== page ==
Estimated read time: 5-6 minutes
PROVO — As the final seconds ticked off the clock of BYU’s 28-25 upset victory over No. 14 Boise State, the announced crowd of 58,930 fans at LaVell Edwards Stadium screamed, hollered and reverberated chants of "B-Y-U! B-Y-U!" as the Cougars salted away a win in Baylor Romney’s first career start at quarterback.
When the final seconds ticked off the clock, many didn’t know what to do.
A few stalwart individuals — mostly young in age — immediately leaped over the wall surrounding the field and ran toward the oval stretch-Y at the 50-yard line, ready to celebrate with the team. But whether by cold or by fear, many weren’t sure if they should rush the field.
“I was wondering if they were all going to come,” joked BYU defensive back Dayan Ghanwoloku, who had six tackles and a sack in the win. “But they made their way down. We had a good showing, so I want to make a shoutout to our fans for coming out to this cold game. Having our record be what it is, we have a lot of support from them and they’ve stuck with us all the way through.”
It’s possible that no other college football team in America can claim the type of resume owned by BYU, which improved to 3-4 with wins over Tennessee, then-No. 24 USC and No. 14 Boise State to go along with losses to Toledo and South Florida.
Which makes this win all the more celebratory for the people of Provo. So lap it up, Cougar fans; you needed this one.
Here are three things that stood out from arguably the most complete game of BYU’s season.
Creativity, and a flea flicker
Aaron Roderick’s debut calling plays from the booth bore some remarkable fruits.
Sure, offensive coordinator Jeff Grimes was on the sideline — and had a hand in some play-calling duties — but the Cougars busted open the playbook unlike any previous game, especially in the second half.
The passing game coordinator seemed to have all the tricks, including a flea flicker to Matt Bushman for his second touchdown of the game and an outside pitch from Romney to Sione Finau for a 47-yard scamper that was the longest run play of the season for BYU.
Yes, Grimes remains the offensive coordinator, at least full-time and in name. Sitake said the coaches called the game in a “collaborative” effort.
But make no mistake; BYU’s offensive game plan had the fingerprints of a 10-year offensive coach and play-caller at the University of Utah. Roderick’s ideas, manipulations and "trick plays" were all over LaVell Edwards Stadium on Saturday night — from the fake fumble to the double-reverse flea flicker to the gaping hole large enough to fit a monster truck that Sione Finau used in his 47-yard touchdown run in the third quarter.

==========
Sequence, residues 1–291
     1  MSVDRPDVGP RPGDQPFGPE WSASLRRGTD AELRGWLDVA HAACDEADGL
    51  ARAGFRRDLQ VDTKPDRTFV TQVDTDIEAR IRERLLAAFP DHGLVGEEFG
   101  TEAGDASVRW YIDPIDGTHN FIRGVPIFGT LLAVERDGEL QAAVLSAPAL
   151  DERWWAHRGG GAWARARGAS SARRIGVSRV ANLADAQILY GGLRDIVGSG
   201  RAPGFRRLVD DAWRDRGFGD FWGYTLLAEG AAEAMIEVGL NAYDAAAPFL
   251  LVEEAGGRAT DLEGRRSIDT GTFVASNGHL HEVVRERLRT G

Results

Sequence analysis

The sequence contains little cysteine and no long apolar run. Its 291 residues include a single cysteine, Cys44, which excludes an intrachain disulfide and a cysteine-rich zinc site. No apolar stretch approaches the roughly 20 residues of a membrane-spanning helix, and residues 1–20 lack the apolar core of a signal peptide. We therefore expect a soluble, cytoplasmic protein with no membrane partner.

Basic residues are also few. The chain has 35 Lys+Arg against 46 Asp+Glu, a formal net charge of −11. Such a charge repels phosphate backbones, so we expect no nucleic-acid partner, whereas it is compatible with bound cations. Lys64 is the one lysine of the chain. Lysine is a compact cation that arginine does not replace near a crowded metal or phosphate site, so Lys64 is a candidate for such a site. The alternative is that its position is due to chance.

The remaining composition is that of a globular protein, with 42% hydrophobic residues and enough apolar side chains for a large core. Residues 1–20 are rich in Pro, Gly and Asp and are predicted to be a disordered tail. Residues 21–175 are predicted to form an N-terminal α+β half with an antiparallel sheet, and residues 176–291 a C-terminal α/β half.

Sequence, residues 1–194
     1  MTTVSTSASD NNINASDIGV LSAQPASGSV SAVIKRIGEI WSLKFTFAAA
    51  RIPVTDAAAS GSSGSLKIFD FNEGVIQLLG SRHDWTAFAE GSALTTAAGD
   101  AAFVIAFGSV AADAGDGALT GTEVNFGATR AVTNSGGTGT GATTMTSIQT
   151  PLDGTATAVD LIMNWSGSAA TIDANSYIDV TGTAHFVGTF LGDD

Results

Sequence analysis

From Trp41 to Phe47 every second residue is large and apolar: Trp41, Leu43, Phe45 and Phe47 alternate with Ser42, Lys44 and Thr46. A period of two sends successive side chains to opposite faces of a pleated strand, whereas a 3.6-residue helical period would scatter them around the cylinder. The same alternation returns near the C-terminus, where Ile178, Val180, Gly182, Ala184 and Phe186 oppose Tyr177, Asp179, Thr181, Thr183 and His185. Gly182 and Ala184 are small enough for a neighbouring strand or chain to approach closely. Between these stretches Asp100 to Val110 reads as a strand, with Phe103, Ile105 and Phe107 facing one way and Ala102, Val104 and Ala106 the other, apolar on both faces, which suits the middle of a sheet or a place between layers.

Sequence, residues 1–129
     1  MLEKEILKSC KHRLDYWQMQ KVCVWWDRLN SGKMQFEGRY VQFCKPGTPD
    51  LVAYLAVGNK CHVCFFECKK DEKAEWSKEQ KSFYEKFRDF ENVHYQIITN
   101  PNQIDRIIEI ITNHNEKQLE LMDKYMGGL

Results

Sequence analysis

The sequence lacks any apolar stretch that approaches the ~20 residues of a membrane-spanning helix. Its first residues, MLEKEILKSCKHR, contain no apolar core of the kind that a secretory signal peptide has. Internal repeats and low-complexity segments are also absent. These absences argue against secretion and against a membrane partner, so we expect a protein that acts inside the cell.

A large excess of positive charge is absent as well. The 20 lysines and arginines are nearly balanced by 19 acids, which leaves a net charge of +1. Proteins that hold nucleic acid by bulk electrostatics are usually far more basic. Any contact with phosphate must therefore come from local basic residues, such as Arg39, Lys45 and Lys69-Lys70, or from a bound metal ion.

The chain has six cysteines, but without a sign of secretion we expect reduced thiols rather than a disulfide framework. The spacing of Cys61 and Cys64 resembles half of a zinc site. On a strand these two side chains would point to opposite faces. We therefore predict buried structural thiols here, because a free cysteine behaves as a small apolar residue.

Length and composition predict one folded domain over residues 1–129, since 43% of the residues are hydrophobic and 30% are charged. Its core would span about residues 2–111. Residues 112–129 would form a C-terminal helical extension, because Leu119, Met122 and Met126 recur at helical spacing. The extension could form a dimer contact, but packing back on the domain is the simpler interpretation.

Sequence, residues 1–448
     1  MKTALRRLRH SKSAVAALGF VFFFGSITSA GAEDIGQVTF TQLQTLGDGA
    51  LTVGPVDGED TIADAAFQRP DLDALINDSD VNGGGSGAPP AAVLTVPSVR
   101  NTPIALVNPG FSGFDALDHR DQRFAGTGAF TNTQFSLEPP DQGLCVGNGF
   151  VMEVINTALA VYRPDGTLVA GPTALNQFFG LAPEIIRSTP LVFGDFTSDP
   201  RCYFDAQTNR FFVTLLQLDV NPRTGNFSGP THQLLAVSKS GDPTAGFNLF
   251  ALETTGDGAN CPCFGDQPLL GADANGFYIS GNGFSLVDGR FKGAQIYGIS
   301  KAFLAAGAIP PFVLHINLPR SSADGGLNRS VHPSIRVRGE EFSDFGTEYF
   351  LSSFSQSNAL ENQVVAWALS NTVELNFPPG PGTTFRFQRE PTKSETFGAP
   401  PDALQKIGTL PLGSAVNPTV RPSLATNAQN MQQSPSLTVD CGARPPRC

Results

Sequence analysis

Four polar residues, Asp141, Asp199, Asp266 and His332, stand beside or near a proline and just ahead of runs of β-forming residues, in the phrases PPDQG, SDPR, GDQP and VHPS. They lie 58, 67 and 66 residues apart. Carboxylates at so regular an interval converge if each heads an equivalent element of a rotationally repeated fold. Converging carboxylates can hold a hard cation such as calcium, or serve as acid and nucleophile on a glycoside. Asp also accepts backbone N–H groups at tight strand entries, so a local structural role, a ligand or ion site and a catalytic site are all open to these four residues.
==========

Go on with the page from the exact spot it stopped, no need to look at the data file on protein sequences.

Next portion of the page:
No matter who called the players, it was a commendable effort.
“I’m extremely proud of the players and the coaching staff worked their tails off,” Sitake said. “I’m really happy with the guys who stepped up and made plays.”
Who would’ve thunk, but a BYU defense that carried the No. 120 rush defense tag into the game held the Broncos to just 129 total yards in the first half, including 31 yards in the opening quarter?
The BYU defense showed flashes of why made it dangerous against USC, with Isaiah Kaufusi hauling in his first interception since that win over the Trojans more than a month ago, and Lorenzo Fauatea securing his second sack of the season to force a critical three-and-out. Bracken El-Bakri added a key tackle for loss, and Devin Kaufusi batted down a pass at the line of scrimmage on one third-down attempt, as well.
The Cougars held George Holani, a top-50 running back in FBS who averaged 5.63 yards per carry, to 27 yards on 9 carries in the first half, a whopping 2.9 yards per carry.
Brothers Isaiah and Jackson Kaufusi each had an interception, as well.
Physical. Mean. Nasty.
It was the kind of defensive performance the Cougars had yet to put in all year — even in the two overtime wins.
“I think Kalani really challenged us and gave us some goals that were attainable and got after it,” Isaiah Kaufusi said. “We were a lot more physical this week than we had been the whole season and it paid off. We had four or five guys on the ball every play.”
BYU needed a win, and got one with a depleted roster
The Cougars lined up a third-string quarterback, a fourth-string running back and a freshman offensive lineman in Blake Freeland at left tackle filling in for an established-but-injured set that included Tristen Hoge, who missed his second-straight game with BYU.
BYU’s youngest group faced an uphill battle as seven-point home underdogs facing a top-15 opponent that held an overwhelming 7-2 all-time record in the series, including winning the past three contests.
So Sitake challenged them all week, in practice, in the film room, and in game prep.
“I believe in the guys,” Sitake said. “It’s been a rough couple of weeks leading up to this game, and we had to take our licks a little bit. But we’ve got to keep trusting them. These guys are a resilient group, and when their backs are against the way, they respond the right way. The guys did a great job getting ready for this game.”